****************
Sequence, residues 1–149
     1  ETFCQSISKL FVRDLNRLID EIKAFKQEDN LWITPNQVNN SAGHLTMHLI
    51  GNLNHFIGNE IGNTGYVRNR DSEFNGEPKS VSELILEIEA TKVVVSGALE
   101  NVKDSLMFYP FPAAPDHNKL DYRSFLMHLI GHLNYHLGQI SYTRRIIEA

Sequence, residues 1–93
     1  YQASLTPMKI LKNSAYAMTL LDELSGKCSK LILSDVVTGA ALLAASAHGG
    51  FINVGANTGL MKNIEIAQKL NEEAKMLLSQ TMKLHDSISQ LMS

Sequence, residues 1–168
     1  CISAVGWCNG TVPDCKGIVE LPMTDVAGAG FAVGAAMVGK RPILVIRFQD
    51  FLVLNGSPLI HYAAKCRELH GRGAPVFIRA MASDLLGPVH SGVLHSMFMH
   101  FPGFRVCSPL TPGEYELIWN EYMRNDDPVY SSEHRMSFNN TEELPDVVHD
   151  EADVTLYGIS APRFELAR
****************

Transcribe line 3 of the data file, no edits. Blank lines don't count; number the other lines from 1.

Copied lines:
    51  GNLNHFIGNE IGNTGYVRNR DSEFNGEPKS VSELILEIEA TKVVVSGALE